Tuesday, August 21, 2012

East Cape, New Zealand

East Cape, New Zealand
East Cape is the easternmost point of the main island of New Zealand.  It is a wild, remote, isolated and beautiful area.  It  has the distinction of being the first mainland place in the world to see the sun each day, according to numerous sources.  I'm not sure what 'mainland place' is referring to, but points in Japan, Fiji and Kiribati also claim that honor.  What I can say, is we were probably the first 2 people in New Zealand to see the sun rise on that day, even though we didn't make it there until some time after sunrise.  Since we saw no other people for miles before we arrived, it is probably safe to assume no one was there before us that day!   So we were standing near the edge of tomorrow!  After walking up the 757 steps we stepped into a small clearing with this glorious view.  I did not saturate or alter the color of the water.  It was just beautiful to see the layers and shades of turquoise stretching to the horizon.  Behind me is a small lighthouse.  Even with a wide angle lens, however, there was not enough room for me to stand and get a decent shot of the entire lighthouse and the ocean in one frame.  The lighthouse used to be on the little island called East Island, or Whangaokeno or Motu o Kaiawa by the local Maori.  Landing on the island and building the lighthouse was a very hazardous job, taking the lives of at least 4 men.  Also, a boat transporting equipment to the island capsized in the treacherous waves.  The lighthouse was completed and the light was first lit on August 9, 1900.  The Maori, however, considered the island sacred and forbidden and said it did not want humans to be there.   No Maori would ever lived there.  The island was continually beset with hardship and tragedy.  Equipment was washed away in heavy rains.  The lightkeeper could not grow a garden or raise cattle to provide for his family because of the poor soil.  Three of his children died.  Ships wrecked on the rugged shoreline causing more deaths.  The island suffered numerous landslides and earthquakes, eventually weakening the structure of the lighthouse.  In 1922 the light was extinguished, and the lighthouse dismantled and moved to the main island where it stands today.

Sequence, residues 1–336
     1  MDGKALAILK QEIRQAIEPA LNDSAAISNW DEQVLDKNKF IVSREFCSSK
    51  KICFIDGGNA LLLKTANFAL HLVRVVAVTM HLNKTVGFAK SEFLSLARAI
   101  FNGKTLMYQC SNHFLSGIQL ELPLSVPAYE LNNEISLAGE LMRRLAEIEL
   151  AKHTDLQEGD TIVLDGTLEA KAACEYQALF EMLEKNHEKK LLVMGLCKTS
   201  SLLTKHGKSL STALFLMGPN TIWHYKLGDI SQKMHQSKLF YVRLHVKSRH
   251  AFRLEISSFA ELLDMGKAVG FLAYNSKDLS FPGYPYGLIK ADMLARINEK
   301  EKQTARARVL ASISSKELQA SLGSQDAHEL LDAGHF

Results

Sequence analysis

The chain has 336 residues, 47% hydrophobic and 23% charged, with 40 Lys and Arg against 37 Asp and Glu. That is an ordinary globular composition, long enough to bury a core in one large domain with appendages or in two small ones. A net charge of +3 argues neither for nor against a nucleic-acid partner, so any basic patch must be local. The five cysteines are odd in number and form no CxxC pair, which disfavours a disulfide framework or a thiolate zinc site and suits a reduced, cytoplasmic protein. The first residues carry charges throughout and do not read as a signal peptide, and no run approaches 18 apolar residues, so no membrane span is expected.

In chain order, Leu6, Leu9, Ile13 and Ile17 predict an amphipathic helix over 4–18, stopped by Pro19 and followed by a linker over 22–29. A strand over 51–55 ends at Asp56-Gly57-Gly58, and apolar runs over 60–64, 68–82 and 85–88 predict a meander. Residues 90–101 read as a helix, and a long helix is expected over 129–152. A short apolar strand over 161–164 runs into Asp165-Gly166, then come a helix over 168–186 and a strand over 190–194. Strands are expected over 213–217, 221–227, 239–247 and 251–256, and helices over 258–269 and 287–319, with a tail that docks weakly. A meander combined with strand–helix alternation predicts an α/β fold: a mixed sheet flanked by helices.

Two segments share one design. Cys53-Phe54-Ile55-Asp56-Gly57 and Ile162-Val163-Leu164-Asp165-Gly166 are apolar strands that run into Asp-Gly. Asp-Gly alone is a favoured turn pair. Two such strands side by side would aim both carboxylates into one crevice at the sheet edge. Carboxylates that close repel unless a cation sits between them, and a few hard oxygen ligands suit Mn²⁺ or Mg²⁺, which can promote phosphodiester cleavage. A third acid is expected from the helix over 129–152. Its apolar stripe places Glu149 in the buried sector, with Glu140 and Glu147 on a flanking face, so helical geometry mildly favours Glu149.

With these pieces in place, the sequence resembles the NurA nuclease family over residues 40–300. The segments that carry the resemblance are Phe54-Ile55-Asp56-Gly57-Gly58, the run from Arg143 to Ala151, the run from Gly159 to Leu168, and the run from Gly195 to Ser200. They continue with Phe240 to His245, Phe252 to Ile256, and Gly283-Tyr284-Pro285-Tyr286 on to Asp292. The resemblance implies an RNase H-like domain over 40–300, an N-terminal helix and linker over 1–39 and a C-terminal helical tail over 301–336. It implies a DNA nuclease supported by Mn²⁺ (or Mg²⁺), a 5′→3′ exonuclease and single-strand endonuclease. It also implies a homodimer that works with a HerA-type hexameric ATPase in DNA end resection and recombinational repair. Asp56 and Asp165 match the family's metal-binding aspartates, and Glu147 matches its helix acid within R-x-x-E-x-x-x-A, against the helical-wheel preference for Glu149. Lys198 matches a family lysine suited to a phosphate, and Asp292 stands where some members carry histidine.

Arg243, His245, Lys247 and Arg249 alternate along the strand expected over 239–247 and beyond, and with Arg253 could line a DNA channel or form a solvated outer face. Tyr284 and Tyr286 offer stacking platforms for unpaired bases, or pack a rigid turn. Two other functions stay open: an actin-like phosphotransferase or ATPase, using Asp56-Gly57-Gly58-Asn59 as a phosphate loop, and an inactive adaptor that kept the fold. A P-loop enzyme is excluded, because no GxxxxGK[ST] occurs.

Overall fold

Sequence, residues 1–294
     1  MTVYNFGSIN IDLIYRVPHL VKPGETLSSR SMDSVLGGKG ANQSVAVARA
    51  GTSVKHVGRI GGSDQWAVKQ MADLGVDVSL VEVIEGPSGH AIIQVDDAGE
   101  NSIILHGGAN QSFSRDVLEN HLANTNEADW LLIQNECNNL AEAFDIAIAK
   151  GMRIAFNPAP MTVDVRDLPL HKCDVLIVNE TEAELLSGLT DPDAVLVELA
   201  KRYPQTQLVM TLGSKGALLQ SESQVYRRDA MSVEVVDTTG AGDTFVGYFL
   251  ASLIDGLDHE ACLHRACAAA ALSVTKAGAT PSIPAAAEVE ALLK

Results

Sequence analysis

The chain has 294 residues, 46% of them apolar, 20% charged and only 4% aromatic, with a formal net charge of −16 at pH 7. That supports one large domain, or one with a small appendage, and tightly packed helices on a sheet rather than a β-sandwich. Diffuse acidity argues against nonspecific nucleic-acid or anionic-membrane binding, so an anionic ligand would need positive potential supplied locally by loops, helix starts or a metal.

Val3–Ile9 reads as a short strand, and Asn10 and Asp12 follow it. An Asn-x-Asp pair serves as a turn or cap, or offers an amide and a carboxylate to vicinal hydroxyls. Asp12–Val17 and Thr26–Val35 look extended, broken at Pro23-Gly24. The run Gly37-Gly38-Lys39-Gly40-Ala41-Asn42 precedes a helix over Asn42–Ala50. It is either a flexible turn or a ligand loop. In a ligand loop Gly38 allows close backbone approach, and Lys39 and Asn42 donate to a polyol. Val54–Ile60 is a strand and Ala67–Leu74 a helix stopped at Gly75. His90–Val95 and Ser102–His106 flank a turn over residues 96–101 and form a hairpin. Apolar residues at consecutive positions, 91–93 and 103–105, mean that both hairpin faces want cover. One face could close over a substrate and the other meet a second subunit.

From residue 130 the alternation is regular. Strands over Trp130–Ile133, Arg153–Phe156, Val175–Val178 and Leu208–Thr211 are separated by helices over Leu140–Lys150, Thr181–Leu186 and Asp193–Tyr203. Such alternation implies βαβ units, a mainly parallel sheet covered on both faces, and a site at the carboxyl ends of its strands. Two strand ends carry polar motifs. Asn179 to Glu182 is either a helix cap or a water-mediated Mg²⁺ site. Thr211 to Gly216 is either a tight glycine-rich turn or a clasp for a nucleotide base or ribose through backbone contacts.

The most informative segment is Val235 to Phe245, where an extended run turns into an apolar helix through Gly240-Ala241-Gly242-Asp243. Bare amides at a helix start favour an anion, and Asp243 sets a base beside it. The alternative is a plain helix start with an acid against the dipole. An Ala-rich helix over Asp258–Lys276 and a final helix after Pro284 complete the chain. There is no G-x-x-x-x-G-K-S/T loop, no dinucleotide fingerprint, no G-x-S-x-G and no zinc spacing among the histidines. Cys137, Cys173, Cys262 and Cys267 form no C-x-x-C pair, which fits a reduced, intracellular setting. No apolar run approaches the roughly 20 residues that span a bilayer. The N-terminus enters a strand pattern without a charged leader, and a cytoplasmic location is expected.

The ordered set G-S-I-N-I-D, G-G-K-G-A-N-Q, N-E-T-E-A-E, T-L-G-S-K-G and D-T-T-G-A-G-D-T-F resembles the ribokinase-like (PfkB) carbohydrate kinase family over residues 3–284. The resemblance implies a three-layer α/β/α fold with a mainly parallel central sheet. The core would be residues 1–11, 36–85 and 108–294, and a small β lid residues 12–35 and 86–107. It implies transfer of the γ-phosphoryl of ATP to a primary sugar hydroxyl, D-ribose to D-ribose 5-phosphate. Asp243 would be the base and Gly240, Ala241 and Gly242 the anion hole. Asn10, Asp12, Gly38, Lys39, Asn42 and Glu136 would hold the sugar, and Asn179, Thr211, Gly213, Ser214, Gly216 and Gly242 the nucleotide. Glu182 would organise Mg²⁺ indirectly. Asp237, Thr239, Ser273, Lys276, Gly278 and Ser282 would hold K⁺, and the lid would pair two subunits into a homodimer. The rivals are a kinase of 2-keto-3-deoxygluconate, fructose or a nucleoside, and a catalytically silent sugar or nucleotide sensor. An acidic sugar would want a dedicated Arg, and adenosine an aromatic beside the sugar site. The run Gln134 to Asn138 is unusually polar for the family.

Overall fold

Once the lighthouse was removed and the island was abandoned, all landslides and earthquakes stopped!  
 

7 comments:

Sinbad and I on the Loose said...

Interesting story. Thank you.

Ruth's Photo Blog said...

Absolutely gorgeous picture. That colour is so vibrant it is almost unbelievable,but I do believe when you say you didn't alter it. WOW!!!

Robin said...

Karen, wow! Well worth the steps! A very interesting story!

MTWaggin said...

Love the photo and adore the story!

janc@mac.com said...

The Maori's must have been right.

Scott said...

A beautiful place and I'm so glad you were there to capture it.

diane b said...

You must think that you are in heaven already.......it is a beautiful scene but with a spooky tale to tell.